Many thanks to the good people of West Music for providing a beautiful performance space to the conservatory teachers! When I think of all the music that is yet to be made by these amazing music students in their lifetimes, I am convinced of the significance of this work. I feel so honored to have the privilege of traveling this career path.
I’m trying not too think too hard about why we’re having such an absolutely beautiful early spring but it surely has made for some lovely walks!
Liam took over the camera on our last walk to the library. This is Shady Patch, the little herb garden that Atticus planted (and named) last spring. I know less than nothing about gardening but apparently we chose some hardy perennial herbs because they’re still persistently sprouting through the layer of fall and winter neglect.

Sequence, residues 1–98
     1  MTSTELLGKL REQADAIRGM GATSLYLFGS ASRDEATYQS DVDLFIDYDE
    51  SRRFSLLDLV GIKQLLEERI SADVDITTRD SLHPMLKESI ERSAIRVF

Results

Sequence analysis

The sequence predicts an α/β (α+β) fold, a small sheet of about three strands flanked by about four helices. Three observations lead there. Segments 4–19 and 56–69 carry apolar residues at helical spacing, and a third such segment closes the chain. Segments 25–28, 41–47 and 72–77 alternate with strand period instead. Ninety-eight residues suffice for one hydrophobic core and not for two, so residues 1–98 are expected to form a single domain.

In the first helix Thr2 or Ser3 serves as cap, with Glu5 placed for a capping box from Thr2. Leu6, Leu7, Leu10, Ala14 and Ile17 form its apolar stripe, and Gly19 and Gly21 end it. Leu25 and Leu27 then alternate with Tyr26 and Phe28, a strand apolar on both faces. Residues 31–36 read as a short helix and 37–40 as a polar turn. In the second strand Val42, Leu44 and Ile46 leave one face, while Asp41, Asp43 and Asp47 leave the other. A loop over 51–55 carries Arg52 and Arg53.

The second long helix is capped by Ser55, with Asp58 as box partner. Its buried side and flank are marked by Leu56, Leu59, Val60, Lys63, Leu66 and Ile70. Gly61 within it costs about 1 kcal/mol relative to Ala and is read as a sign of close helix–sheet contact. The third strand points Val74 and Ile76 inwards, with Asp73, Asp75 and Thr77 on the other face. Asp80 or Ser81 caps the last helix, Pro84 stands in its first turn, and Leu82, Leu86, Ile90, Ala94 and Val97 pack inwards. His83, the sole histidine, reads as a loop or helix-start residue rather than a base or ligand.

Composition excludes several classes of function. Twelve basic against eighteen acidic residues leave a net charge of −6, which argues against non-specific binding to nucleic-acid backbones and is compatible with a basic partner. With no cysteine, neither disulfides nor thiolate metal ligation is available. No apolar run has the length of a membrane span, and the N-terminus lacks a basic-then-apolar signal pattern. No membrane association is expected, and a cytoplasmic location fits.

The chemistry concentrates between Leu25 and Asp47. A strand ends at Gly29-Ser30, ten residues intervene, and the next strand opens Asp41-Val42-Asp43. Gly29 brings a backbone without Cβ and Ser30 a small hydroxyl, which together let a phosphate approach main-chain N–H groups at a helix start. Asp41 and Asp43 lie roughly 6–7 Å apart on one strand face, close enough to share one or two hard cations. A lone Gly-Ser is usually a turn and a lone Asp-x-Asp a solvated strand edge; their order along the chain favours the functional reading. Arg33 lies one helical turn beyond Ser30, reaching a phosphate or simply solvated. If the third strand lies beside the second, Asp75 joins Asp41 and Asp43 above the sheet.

Liam and I both love our neighbor’s tree and I think he framed this one nicely even if we’re missing a bit of the top.
I love his photo of the library.
They really move as one. It’s no wonder people frequently mistake them for twins.
Our favorite walk of the week was a bird walk with our homeschool assistance program. We’re so lucky to have access to a program of this caliber and I’m continually surprised how few parents seem to know about it. One of our teachers knows a lot about birds and bird calls and the kids loved peering through their binoculars to identify them. We’re studying birds this week so the timing was perfect.
Liam brought his nature journal to record what he saw and ended up drawing a picture of an ostrich in flight. I’m quite sure I didn’t witness such an event but apparently artistic license can be applied in all settings.
Atticus and his beloved magnifying glass.
This being Iowa, it’s entirely likely that I’ll be posting a blizzard walk next week but we’re going to enjoy this bliss while it lasts.